Incoherence—the refusal to make sense—is a concept central to Noble’s writing on trans theory, one that I think is worth investigating closely.
In “Trans-Culture in the (White) City: Taking a Pass on a Queer Neighbourhood” (2009), Noble alerts the readers to the dangers of essentialism, gender categorizing and fundamentalism for queer spaces. Noble points out that various queer spaces in Toronto have “moved in more fundamentalist and gender panicked directions when trying to navigate the challenges posed by transed bodies”, by having, for instance, men “prove” their manhood (by exhibiting their penises) as a condition of entry into men segregated spaces such as bathhouses. From an initial “don’t ask don’t tell” policy, these bathhouses have moved to a “dick at the door” policy. In other words, access is granted “as long as the embodied hegemonic fiction of phallic masculinity is preserved”. Non-operative FtM might well pass as men in many men segregated spaces, but would likely fail the full-fledged-penis test. This practice, meant partly to ensure security, confronts us with a series of questions:
“how big does a dick need to be to count as a dick? Do guys with smaller dicks avoid such spaces because of the harm done by such a policy? Are such practices producing and then normalizing standards of sameness that are no different than heteronormative beliefs about masculinity, which such spaces are supposedly built against? Where is queer desire in that equation? Where are queer bodies?”
This, Noble believes, is an example of normalizing coherence: the expectation that a stable, unchanging and undisputed gender identity and a sex neatly coheres together.
The gay and lesbian movement, Noble argues, has lost its queerness. “What happens”, Noble asks, “when an incoherently sexed, destabilized and indeed, trans sexed body finds itself in the midst of definitively gayandlesbian demarcated space, such as a ‘gay and lesbian’ film and video festival? The answer: a hostile, violent and very ironic eviction of the strange, the queer, the irreducibly different”. Fundamentalist gender economics essentially “materialize only binarized notions of sex” so that gender variants or genders that require more complex or nuanced explanations are met with the violence of gender-panic. “Queer” it would seem “is beginning to become an unusable term” (2006:12). Hence Noble’s call for a post-queer politics and cultural landscape, which, alternatively, could be termed a re-queering of queer.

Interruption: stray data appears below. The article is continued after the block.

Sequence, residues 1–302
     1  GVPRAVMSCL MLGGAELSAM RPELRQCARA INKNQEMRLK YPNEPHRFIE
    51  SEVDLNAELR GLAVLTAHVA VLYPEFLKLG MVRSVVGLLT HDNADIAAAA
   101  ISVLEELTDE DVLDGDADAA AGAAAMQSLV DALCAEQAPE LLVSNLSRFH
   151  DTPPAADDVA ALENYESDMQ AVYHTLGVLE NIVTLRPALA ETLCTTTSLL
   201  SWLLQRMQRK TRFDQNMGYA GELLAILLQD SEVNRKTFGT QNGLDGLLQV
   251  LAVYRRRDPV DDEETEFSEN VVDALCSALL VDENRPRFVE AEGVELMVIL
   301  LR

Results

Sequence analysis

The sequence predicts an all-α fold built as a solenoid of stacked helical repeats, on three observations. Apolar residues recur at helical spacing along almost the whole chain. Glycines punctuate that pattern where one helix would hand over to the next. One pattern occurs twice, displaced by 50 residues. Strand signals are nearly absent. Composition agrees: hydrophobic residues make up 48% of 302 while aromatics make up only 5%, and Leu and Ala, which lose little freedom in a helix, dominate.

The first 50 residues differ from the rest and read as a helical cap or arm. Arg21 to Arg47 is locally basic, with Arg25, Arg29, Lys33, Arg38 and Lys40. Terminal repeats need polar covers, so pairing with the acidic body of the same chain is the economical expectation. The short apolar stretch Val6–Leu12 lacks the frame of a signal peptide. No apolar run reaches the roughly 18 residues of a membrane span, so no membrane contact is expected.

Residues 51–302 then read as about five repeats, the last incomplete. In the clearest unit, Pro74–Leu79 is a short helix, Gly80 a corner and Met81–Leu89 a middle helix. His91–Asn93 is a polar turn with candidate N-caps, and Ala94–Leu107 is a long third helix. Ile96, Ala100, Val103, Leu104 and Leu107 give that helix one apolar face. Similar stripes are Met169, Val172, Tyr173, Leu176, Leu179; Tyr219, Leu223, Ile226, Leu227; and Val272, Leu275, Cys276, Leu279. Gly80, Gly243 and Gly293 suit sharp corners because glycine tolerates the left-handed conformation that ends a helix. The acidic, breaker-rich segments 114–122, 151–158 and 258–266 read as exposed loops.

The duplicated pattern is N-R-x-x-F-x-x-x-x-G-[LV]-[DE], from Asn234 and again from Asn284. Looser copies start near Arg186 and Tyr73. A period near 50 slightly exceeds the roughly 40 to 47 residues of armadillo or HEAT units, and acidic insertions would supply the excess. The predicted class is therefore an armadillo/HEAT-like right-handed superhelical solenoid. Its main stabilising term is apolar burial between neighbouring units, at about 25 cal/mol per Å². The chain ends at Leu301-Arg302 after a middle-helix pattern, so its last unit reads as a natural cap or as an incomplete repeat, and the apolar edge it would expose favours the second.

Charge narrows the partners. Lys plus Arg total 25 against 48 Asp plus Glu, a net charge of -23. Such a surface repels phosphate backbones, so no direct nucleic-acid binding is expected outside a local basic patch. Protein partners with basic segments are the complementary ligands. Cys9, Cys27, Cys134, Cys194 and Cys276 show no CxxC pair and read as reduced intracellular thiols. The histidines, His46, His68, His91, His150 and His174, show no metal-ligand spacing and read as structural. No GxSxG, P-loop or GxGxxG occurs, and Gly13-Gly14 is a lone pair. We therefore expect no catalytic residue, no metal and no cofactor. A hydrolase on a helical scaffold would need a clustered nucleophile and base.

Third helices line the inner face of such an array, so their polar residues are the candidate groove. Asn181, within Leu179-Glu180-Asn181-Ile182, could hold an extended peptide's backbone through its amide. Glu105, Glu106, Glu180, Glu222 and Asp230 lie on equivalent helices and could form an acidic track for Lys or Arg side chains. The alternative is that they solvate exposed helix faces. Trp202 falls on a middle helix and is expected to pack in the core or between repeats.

A politic of incoherence, Noble adds in Sons of the Movement (2006) “refuses hegemonic fictions of ontology and presence” (126). It refuses, among other things, identity politics, the idea that a certain subject position—lesbianism, to name only one—serves a ground zero of social action. Hand-in-hand with incoherence—and central to Noble’s work—is “intersectionality”. Intersectionality is precisely what undoes easy assumptions about class, gender, race and sex segregations Queer practices, Noble believes, generally fail to embrace intersectionality. This post-queer politics advocated by Noble is also one of trans-incoherence: “an intersectional, post-queer politics of incoherence as a strategy of resistance” (12).
For Noble, the trans body doesn’t simply move from one gender to another, but, rather, remains in movement, in construction, in becoming. We can see he an importance divergence with other trans theorists, who insist on the stability, coherence, and wholeness of the trans subject. This focus on flow and becoming is shared by David Ruffolo in his book Post-Queer Politics (2009) but this will the subject of another entry. Nobel is here in agreement with J. Halberstam's remark regarding trans identity understood as "crossing over": "Obviously, the metaphor of crossing over and indeed migrating to the right body from the wrong body merely leaves the politics of stable gender identities, and therefore stable gender hierarchies, completely intact" (1999: 560).
Anchoring my project on Dorothy Arzner is an exploration of gender through Trans Studies. Here I post snippets of my research on the theoretical aspects of Trans Studies.